9 July 2004
Empowerment of Women in Arab Society Has Become Central to Arab Vision of Reform, Secretary-General Says in Message to Arab Regional Conference in Beirut
NEW YORK, 8 July (UN Headquarters) -- Following is the message by Secretary-General Kofi Annan to the Arab Regional Conference Ten Years After Beijing: Call for Peace in Beirut, 8-10 July, delivered by Mervat Tallawy, Executive Secretary of the Economic and Social Commission for Western Asia (ESCWA):
The theme of this conference, Ten Years after Beijing: Call for Peace, reaffirms the commitment of the people of this region to the vital cause of womens empowerment -- as enshrined in the Convention on Elimination of Discrimination Against Women, the Beijing Platform for Action, the Millennium Declaration and other international conventions and initiatives.
The empowerment of women, one of the Millennium Development Goals, is not only a goal in itself -- it is a prerequisite for reaching all the others. It is crucial to our efforts to combat poverty, hunger and disease, and to stimulate development that is truly sustainable. And it is essential for the promotion of justice and peaceful resolution of disputes, as recognized in Security Council resolution 1325, a landmark document that is so relevant to this region.
For decades, the region has endured conflict and tensions which have slowed economic, political and social development. Indications are that with increasing regional risks, lower investment ratios, and the continued mismatching of physical and human capital, future growth is likely to be less than its past levels. Meanwhile, Arab women continue to be less economically and politically empowered than women in other regions of the world.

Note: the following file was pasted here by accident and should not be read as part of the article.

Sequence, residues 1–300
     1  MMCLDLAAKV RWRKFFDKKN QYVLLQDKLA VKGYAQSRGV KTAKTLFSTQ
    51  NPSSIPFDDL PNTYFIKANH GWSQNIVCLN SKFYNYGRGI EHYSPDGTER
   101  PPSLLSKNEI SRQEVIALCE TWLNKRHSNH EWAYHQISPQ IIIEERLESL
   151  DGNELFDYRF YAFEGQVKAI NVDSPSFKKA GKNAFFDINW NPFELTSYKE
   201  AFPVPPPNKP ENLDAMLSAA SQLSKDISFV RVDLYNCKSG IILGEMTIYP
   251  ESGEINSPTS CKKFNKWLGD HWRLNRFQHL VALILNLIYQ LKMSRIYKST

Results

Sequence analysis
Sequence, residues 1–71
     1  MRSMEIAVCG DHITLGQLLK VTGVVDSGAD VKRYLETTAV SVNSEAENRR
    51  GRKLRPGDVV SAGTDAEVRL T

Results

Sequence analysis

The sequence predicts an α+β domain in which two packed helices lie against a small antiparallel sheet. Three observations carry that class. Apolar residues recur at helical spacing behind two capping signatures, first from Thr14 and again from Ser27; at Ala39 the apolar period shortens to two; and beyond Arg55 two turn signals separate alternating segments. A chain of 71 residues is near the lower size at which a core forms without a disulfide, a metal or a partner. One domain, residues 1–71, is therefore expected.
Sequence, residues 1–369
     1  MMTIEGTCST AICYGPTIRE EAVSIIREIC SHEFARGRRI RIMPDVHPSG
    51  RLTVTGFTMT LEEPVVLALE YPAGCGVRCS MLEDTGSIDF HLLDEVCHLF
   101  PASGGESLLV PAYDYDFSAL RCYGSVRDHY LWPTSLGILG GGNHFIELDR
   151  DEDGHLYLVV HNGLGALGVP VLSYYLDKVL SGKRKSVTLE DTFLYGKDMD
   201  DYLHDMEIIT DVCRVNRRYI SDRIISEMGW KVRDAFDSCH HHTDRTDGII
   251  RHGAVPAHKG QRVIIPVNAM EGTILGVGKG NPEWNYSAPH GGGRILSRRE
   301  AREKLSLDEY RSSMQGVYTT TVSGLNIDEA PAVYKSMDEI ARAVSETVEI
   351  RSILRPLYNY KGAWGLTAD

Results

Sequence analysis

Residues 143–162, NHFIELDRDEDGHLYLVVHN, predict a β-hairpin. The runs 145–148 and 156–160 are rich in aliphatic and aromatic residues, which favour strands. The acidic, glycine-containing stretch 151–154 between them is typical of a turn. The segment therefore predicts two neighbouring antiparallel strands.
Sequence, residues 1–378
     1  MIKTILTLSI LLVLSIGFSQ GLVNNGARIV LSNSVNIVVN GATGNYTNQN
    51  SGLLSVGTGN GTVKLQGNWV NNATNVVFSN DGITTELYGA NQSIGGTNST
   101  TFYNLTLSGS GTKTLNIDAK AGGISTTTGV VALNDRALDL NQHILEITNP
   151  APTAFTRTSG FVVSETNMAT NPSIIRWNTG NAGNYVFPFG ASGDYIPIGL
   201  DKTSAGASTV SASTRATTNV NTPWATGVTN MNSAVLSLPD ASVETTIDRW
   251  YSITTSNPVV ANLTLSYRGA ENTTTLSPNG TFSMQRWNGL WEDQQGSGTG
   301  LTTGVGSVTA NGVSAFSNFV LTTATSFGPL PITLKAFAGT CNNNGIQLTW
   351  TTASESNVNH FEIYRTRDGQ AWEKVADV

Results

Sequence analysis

It is heartening, therefore, that the status of women is being addressed in almost all regional and national reform initiatives. At the Arab Summit held recently in Tunisia, Arab States undertook to support womens rights and widen the scope of their participation in the political, social and economic arenas. Representatives of Arab non-governmental organizations, academia and various political parties have emphasized the importance of the empowerment of women through deliberations and declarations in Alexandria, Sanaa, Doha and Beirut. Clearly, the empowerment of women in Arab society has become central to the Arab vision of reform.
Allow me once again to commend Ms. Suzanne Mubarak for her initiative in launching an international movement of women for peace. I am delighted that her initiative is bearing fruit, as we can see in the national chapters of her movement being established in the region.
I send my warmest wishes to all participants in this Arab regional conference, and hope that many more will follow your example.
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